War work on the home front
The Central Sphagnum Depot for Ireland at the Royal College of Science for Ireland, 1915–19
in Medicine, health and Irish experiences of conflict 1914–45
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Immediately after war was declared with Germany, emergency classes in first aid and ambulance work were organised in the Royal College of Science for Ireland (RCScI) in Dublin. By 1915 the College had two Voluntary Aid Detachments Red Cross groups who met hospital ships from the Western Front bringing casualties to Dublin hospitals. They were also provided aid to casualties of the Easter Rising. The women’s VAD also organised and managed the Central Sphagnum Depot for Ireland. Sphagnum moss had been found to have medicinal and absorbent properties and was known as a safe, reliable surgical dressing, making it a perfect replacement for increasingly scarce cotton wool in hospitals and dressing-stations during the First World War. As war casualties mounted, demands for this moss as a field-dressing increased. Between 1915 and 1919, over 900,000 dressings were dispatched to various theatres of war. This chapter assesses the work of the women who voluntarily involved themselves with the central depot by organising moss collection, sterilisation, packaging and dispatching. It also pits this Irish contribution to the war effort against Ireland’s increasingly turbulent political backdrop.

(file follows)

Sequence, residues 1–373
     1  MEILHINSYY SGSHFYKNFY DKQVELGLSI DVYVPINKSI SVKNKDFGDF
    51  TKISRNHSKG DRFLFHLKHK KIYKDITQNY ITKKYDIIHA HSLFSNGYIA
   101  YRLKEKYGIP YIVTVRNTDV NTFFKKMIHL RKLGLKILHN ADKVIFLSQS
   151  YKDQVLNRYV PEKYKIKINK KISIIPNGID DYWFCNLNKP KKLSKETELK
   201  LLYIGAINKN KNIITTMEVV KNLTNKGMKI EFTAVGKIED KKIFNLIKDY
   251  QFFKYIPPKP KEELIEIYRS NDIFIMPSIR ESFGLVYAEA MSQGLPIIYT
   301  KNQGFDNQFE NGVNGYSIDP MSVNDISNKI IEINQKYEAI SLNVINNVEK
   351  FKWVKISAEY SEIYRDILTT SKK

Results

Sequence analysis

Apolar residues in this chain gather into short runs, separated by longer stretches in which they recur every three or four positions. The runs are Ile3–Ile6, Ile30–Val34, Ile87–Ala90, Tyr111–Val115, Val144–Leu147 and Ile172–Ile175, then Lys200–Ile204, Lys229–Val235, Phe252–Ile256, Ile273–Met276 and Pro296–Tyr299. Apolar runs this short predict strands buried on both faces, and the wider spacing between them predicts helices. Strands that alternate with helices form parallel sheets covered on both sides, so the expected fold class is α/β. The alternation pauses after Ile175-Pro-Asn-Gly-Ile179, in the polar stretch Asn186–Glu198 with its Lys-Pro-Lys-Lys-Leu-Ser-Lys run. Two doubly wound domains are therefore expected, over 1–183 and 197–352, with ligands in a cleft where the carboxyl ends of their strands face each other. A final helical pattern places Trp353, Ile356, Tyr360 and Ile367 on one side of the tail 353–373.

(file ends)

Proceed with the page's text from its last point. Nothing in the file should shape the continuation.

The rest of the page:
Editors: David Durnin and Ian Miller


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